Dean Anthony Gratton
The Psychology of the Connected Car
I see many new cars nowadays advertised with connectivity in mind, typically enabled with a smartphone, and this is what brings me to this month’s column.
Does anyone have a billion in loose change?
I currently own a 10(or so)-year-old car, which does have a fairly moderate amount of great technology within it – I know this solely because when it goes wrong, it’s expensive to fix! Anyway, the integrated GPS navigation system, for example, is quite tired and dated and so relies upon up-to-date DVDs to offer me accurate navigation through streets, motorways and whatnot. But, it lacks the diversity to provide me with information about live traffic updates, where you might have impromptu roadworks or traffic jams, for example.
So, my in-car navigation system remains switched off as, for me, it’s now become redundant. Instead, I purchased an ugly in-car smartphone mount that sits on top of my dashboard and I now rely on Waze to provide greater accuracy when navigating me to my destination. My smartphone is paired with the in-car Bluetooth phone and entertainment system so that Waze can voice commands through my in-car speakers and, likewise, I also have the ability to use Spotify, which is built into Waze to stream music within my car. All in all it’s a great holistic music and navigation experience. Incidentally, you may or may not know that Google acquired the Israeli-based GPS software company Waze back in 2013 for almost $1 billion – I assume that was pocket change for Google!
Taking the connected car to a new level
For those who are not familiar with Waze, it’s based on its community of users that use the app whilst driving. We’re encouraged to provide real-time information about road conditions, danger areas, traffic incidents or accidents – it even alerts you to the presence of police and speed traps! Waze will also recalculate your original route in real-time to redirect you from troubled areas so that you can easily reach your destination in a timely manner.
Having the smartphone mount is a great addition to the technology already included in my car, but it’s not integral and there’s still something missing in this utopia of the connected car. As shown in many car adverts, I often see the driver place a smartphone into a rest area where it might be “automatically” paired with the in-car infotainment system – that’s all fine, but this can be taken to another level.
The nature vs. nurture debate
The infotainment system in your vehicle is your central hub, where you interact and learn about your car, for example, setting the air-conditioning, monitoring tyre pressure, watching your engine coolant level, as well as configuring navigation or selecting a radio station. So my proposition is: What if the vehicle’s infotainment hub is nothing more than “tabula rasa” – a blank slate?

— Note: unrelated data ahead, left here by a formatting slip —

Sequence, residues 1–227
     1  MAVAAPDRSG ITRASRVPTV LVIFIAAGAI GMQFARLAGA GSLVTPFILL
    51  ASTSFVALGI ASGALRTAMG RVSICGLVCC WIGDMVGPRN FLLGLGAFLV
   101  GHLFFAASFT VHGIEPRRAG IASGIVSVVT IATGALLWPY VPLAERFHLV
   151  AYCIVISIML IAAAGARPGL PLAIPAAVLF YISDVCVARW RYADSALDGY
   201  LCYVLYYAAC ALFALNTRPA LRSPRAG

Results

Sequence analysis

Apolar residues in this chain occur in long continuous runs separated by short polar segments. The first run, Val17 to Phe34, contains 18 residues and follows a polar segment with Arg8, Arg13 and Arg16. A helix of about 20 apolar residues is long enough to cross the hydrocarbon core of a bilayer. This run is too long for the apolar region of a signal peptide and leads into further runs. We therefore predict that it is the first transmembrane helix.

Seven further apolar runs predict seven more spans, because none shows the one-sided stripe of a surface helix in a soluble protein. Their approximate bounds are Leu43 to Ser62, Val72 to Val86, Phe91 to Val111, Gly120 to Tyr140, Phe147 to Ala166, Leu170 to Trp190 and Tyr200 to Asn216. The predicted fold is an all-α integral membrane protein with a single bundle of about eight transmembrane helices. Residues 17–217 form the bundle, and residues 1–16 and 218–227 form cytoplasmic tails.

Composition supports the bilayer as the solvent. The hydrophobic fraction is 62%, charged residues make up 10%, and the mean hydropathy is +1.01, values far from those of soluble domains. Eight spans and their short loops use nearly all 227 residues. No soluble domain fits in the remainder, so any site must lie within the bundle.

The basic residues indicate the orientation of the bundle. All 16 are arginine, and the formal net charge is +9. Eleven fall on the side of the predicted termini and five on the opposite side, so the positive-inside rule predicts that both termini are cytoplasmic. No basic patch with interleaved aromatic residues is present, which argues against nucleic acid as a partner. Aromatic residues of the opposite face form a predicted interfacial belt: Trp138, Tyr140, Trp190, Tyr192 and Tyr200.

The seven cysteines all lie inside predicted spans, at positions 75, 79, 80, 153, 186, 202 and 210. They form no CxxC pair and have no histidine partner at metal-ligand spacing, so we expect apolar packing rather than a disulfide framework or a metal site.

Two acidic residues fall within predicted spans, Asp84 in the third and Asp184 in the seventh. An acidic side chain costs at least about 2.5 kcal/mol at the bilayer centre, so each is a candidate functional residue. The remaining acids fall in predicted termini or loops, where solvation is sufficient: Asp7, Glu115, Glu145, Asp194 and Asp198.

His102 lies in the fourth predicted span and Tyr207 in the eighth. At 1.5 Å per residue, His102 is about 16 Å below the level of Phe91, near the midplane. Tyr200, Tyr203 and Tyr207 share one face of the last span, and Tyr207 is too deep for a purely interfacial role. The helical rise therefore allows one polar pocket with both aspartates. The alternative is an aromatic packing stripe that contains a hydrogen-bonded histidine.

What I’m referring to is something that’s used in psychology to describe the state of a newly born baby. More so, proponents of the epistemological notion believe that as individuals when we are born we are, in fact, void of mental content; these proponents argue that knowledge is derived from experience and favor the nurture debate when it comes to the development of personality, social awareness, emotional traits, knowledge and, ultimately, wisdom. Such proponents debunk the “innatism” doctrine, which alludes to the belief that the mind already holds certain knowledge and other traits when an individual is born.
A holistic experience that is personal to you
Personally, I do favor the tabula rasa argument. With this in mind (so to speak) should we encourage car manufacturers to adopt such a belief system? In other words, should the infotainment hub have some of the innate traits about the vehicle, which I would liken to the human biological system since newborn babies do have the innate ability to breathe, sustain their blood flow and so on? But the car’s knowledge, personality and wisdom is harvested from your own smartphone, making it far more of a nurture-based system.
Essentially, the vehicle “hosts” or mimics any smartphone-capable operating system to truly provide a holistic experience that’s personal to you. The infotainment hub effectively permits the driver or passenger to interact with the smartphone or tablet device, as they would normally, but from the vehicle’s infotainment system (through touch or voice). This negates the need for a driver to interact with their phone, which in many countries is a criminal offence. And, on that point, with my current smartphone placed on an in-car mount, I do have to provide updates to the Waze app as part of the community. A somewhat contentious issue since, arguably, I’m interacting with my phone whilst driving!
Until next time …
What’s more, when a smartphone is placed in an area within the vehicle and has synced to the information system, the smartphone would recognize that it’s being hosted by a vehicle and that it accordingly adapts to its environment, such as identifying the screen dimensions, pairing with Bluetooth and accessing other information that’s been shared by the vehicle – I dare say, there would be an app for that!
Forget your driverless car malarkey; this is the next evolution to a holistic experience! We carry our smartphones religiously with us and the tabula rasa vehicle experience is a natural transitory evolution to keep us truly connected and to maintain our personalities.
So, this is where an “I’m not weird” Dr G. signs off.
Originally published in Technically Speaking.